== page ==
R’ Bachya continues: It is told that a certain pious man traveled to a distant land in his youth in search of his sustenance. There, he met an idolator, and he remarked to the idolator, “How misguided and ignorant are your ways!”

The idolator asked him, “Whom do you serve?”

The pious man answered, “I serve the Creator, Who is all-capable, and Who sustains all, like no other.”

The idolator retorted, “Your actions contradict your words.”

“How so?” asked the pious man.

The idolator answered, “If what you say is true, your G-d would sustain you at home just as He does here, and you would not trouble yourself to travel to this distant land in search of sustenance.”

The pious man acknowledged the correctness of this argument and went home, and he never left his town again. (Chovot Ha’levavot: Sha’ar Ha’bitachon, Introduction)

R’ Yaakov Niman z”l (Rosh Yeshiva of Yeshivat Ohr Yisrael in Lida, Poland and Petach Tikvah, Israel; died 1983) asks: Perhaps it was decreed that a person wander far from his home as an atonement for his sins, and he does not deserve to receive his sustenance at home?!

He answers: When a person who has Bitachon sees that he is having trouble earning a living at home, he considers the possibility that it is because of his sins. Then, he undertakes a full repentance and obviates the need to wander in exile as an atonement.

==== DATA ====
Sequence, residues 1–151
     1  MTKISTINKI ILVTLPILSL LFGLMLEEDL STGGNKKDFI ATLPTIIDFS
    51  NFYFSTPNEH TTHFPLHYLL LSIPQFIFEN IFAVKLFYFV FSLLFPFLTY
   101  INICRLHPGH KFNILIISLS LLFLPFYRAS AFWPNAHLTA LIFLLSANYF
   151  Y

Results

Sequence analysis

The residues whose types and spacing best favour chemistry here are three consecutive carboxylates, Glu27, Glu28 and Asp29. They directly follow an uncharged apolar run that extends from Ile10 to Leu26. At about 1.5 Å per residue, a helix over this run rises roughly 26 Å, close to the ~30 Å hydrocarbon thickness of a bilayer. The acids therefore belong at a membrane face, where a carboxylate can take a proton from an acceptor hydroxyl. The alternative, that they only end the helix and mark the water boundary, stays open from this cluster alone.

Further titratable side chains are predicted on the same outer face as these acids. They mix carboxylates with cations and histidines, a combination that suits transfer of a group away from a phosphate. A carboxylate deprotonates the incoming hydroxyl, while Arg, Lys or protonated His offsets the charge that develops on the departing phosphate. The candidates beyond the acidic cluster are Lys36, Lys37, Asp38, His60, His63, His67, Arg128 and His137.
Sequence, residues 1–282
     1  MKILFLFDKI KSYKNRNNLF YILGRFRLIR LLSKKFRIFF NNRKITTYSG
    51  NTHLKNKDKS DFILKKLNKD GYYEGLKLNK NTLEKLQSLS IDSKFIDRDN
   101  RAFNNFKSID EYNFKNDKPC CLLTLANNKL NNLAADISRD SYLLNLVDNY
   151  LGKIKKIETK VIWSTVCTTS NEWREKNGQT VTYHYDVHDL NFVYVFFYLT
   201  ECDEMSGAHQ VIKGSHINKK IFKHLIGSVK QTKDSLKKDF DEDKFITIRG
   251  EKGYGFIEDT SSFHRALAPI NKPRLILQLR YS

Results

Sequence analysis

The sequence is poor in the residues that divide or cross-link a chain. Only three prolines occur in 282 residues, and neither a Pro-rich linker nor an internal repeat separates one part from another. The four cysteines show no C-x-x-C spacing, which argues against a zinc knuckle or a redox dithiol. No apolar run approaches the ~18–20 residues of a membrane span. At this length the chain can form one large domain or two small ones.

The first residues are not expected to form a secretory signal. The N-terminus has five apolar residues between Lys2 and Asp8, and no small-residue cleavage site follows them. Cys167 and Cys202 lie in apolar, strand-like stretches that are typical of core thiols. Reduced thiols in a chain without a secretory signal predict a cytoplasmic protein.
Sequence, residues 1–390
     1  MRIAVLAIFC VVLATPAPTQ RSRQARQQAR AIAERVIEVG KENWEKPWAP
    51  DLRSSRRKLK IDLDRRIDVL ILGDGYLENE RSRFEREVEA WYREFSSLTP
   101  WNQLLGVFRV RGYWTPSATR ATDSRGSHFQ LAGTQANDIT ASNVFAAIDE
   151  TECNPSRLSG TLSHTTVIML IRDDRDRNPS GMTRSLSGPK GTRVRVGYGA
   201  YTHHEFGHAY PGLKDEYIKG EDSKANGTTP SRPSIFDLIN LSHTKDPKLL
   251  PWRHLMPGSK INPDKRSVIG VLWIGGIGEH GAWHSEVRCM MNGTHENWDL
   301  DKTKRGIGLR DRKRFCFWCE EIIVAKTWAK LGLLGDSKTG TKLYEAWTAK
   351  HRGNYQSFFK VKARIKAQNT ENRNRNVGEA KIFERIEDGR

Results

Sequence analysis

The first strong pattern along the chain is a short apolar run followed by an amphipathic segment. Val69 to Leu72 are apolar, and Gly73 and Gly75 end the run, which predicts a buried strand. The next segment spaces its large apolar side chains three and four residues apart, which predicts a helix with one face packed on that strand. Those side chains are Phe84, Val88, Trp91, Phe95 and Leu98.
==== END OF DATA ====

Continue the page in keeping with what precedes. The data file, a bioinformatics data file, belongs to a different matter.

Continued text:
R’ Niman continues in the name of his teacher, R’ Nosson Zvi Finkel z”l (1849-1927; the Alter of Slabodka): When a person goes outdoors and is uncomfortable in the sun and heat, he gets upset. He is right to be upset. Hashem wants man to be comfortable and happy, and it is only because of the sin of Adam Ha’rishon [and our continuing sins] that we experience discomfort. [Until here from the Alter of Slobodka.]

R’ Niman concludes: If we would purify our hearts and come closer to Hashem, we would not suffer from everyday nuisances, as the Mishnah (Avot 3:5) teaches, “If one takes upon himself the yoke of the Torah, the yoke of government and the yoke of worldly concerns are removed from him.” On the other hand, if a person does not correct his ways, yet he tells himself that Hashem will give him whatever he wants because he has Bitachon, he is misguided. In fact, Hashem will be doing him a favor by not fulfilling his desires, so that he will receive an atonement. (Darchei Mussar p.351)